A new study published in Neuron creates astrocytes - an integral support cell in the brain - from stem cells and shows that in disease-like environments, these normally helpful cells can turn into neuron-killers.
"We can now create stem cells from any individual and see in the dish how astrocytes play a role in diseases like multiple sclerosis, Parkinson's, and Alzheimer's," remarked the author. "This will shed new light on the devastating process of neurodegeneration, pointing us towards effective treatments for this growing group of patients."
Astrocytes, star-shaped cells that make up more than half the cells in the central nervous system, belong to a category of brain cells called glia which provide vital support for neurons in the brain. Astrocytes aid in metabolic processes, regulate connectivity of brain circuits, participate in inflammatory signaling, and help regulate blood flow across the blood-brain barrier, among other duties. They are a crucial component of brain function but are often overlooked in research and drug development, although recent mounting evidence implicates them in many neurological diseases.
Most studies of astrocytes have been done in mouse models, but it has been shown that mouse astrocytes are not quite the same as human astrocytes. This means that many aspects of human astrocyte function, including some behaviors that may be relevant to disease, are not fully captured by mouse models.
"The field needed a reliable method for making human astrocytes from stem cells so that we can better investigate how they may be contributing to neurodegenerative diseases," explained another author. "Previously, drugs that failed have not specifically targeted astrocytes. Now, drugs targeting astrocyte malfunctions can be identified using patient cells."
The team built on their previously published protocols for converting stem cells into glial cells such as microglia (the brain's immune cells) and oligodendrocytes (cells that aid in neuronal communication) to identify a protein marker, CD49f, that is expressed in astrocytes and can be used to isolate them from mixed cell populations in a lab dish or the human brain, facilitating downstream research.
"We were excited to see that our stem-cell-derived astrocytes isolated with CD49f behaved the way typical astrocytes do: they take up glutamate, respond to inflammation, engage in phagocytosis - which is like 'cell eating' - and encourage mature firing patterns and connections in neurons," said the senior author.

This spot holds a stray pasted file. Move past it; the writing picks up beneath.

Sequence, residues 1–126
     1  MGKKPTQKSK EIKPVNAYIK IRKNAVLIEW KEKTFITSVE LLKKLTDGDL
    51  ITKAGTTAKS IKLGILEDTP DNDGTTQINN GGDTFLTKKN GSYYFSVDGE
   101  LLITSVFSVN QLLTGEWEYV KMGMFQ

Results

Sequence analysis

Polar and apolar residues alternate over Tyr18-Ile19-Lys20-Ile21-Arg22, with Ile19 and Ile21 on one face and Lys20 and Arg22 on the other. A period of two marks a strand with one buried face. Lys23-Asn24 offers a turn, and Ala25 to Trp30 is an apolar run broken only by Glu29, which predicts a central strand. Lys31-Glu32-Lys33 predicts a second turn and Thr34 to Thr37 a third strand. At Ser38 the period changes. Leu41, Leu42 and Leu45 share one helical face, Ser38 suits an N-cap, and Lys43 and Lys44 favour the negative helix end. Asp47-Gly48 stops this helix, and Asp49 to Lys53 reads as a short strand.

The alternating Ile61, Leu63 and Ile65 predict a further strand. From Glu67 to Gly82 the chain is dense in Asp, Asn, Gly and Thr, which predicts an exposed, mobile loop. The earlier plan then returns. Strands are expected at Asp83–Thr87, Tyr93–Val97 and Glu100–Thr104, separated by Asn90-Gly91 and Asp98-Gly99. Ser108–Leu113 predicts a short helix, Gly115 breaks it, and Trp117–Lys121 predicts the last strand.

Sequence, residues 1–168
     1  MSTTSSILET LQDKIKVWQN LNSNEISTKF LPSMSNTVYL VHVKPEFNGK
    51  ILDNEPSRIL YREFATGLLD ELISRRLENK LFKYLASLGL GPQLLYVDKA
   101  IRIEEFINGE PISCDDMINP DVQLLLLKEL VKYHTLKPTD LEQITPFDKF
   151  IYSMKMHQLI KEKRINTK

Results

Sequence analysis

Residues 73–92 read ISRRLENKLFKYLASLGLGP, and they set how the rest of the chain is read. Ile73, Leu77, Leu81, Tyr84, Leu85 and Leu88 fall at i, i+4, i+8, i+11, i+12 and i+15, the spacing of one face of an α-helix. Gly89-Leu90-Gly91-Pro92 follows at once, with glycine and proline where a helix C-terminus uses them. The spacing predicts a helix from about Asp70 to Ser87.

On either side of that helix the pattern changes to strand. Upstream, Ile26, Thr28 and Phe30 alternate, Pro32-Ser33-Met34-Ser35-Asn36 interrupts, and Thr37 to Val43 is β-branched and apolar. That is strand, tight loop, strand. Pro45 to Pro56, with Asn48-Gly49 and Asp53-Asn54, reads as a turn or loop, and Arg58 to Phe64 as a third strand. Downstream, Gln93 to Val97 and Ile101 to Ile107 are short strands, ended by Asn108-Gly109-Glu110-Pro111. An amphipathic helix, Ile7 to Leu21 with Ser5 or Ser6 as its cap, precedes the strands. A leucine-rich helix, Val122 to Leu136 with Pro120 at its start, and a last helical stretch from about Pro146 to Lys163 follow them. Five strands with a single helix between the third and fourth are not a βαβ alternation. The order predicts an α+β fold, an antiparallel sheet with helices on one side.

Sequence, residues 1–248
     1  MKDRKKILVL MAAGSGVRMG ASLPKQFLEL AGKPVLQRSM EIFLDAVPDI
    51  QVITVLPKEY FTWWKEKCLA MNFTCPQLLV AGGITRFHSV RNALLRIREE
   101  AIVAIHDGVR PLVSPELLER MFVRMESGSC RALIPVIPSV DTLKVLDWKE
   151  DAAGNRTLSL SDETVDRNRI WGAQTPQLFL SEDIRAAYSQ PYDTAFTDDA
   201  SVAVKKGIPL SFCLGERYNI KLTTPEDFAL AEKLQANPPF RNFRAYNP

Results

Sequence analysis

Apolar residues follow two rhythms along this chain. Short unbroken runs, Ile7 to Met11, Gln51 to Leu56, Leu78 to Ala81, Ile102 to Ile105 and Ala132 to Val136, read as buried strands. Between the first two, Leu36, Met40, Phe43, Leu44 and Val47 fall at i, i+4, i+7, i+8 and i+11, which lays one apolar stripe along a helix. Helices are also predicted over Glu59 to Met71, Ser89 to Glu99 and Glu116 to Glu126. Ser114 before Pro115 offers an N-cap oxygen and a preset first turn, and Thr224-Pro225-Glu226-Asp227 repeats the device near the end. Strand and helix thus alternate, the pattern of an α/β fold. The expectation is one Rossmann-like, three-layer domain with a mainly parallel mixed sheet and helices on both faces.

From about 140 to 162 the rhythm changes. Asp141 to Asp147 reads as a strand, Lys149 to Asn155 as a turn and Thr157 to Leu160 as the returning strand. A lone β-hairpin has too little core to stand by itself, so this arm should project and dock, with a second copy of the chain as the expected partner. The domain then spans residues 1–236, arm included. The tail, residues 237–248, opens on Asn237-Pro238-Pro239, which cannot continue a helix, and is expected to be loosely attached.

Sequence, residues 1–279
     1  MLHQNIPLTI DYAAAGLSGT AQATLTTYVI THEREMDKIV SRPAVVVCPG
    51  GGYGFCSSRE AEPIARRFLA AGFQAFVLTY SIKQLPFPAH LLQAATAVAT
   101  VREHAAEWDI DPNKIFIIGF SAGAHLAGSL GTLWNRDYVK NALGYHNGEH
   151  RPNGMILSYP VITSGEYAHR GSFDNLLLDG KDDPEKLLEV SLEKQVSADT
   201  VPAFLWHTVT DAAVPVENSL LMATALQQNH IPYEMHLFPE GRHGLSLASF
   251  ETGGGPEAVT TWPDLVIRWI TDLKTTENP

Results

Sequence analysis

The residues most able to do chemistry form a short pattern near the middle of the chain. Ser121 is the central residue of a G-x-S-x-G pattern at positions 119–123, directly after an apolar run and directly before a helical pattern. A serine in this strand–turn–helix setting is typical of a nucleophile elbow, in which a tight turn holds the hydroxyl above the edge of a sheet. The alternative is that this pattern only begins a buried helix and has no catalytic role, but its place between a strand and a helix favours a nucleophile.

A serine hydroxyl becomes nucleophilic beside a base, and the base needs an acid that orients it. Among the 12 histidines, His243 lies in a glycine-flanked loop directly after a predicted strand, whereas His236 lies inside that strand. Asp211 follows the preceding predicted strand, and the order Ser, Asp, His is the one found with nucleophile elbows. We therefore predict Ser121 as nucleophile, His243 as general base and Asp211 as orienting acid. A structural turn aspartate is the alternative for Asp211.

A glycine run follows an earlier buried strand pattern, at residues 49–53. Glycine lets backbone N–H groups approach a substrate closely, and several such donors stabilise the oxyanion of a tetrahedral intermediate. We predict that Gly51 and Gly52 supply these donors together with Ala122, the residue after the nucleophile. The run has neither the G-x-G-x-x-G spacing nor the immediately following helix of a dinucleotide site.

The team also confirmed that CD49f is present in astrocytes found in human brain tissue.
"We looked at human brain tissue samples from both a healthy donor and a patient with Alzheimer's disease and found that these astrocytes also expressed CD49f - suggesting that this protein is a reliable indicator of astrocyte identity in both health and disease."
Armed with a protocol for creating functional astrocytes from stem cells, the team then turned their attention to how these astrocytes begin to misbehave in disease.
Recent work from a collaborator on the study, found that astrocytes can 'go rogue,' becoming toxic to the neurons they typically support.
"We observed in mice that astrocytes in inflammatory environments take on a reactive state, actually attacking neurons rather than supporting them," explained another author. "We found evidence of reactive astrocytes in the brains of patients with neurodegenerative diseases, but without a human stem cell model, it wasn't possible to figure out how they were created and what they are doing in patient brains."
The authors sought to use the human stem cell model to determine if in mice could also be happening in humans. The team exposed healthy stem-cell-derived astrocytes to inflammation - essentially mimicking the environment of the brain in neurodegenerative diseases - collected their byproducts, and then exposed these secretions to healthy neurons.
"Observing this 'rogue astrocyte' phenomenon in a human model of disease suggests that it could be happening in actual patients and opens the door for new therapeutics that intervene in this process."
The team also saw that stem-cell-derived astrocytes exposed to inflammation lost their typical astrocyte functions: they did not support neuronal maturation or firing very well, and they didn't uptake as much glutamate. They also changed their morphology, losing their characteristic 'long arms' and taking on a more constricted star-like shape.
"Along with secreting a toxin that kills neurons, we also saw that stem-cell-derived astrocytes in disease-like environments simply do not perform their typical jobs as well, and that could lead to neuronal dysfunction," noted the senior author. "For example, since they do not take up glutamate properly, too much glutamate is likely left around the neurons, which could cause a neuron to atrophy, and that's something we can potentially target in new therapies."
Altogether, these findings open up exciting new avenues of study and provide researchers with a new system to explore mechanisms of disease.
"I'm looking forward to using our new system to further explore the intricacies of astrocyte function in Alzheimer's, multiple sclerosis, Parkinson's, and other diseases," remarked the senior author. "We have already seen intriguing behaviors that may explain how neurodegeneration occurs, and I am hopeful that this work will point us toward new treatment opportunities for these patients."
Human astrocyte stem cell model developed!
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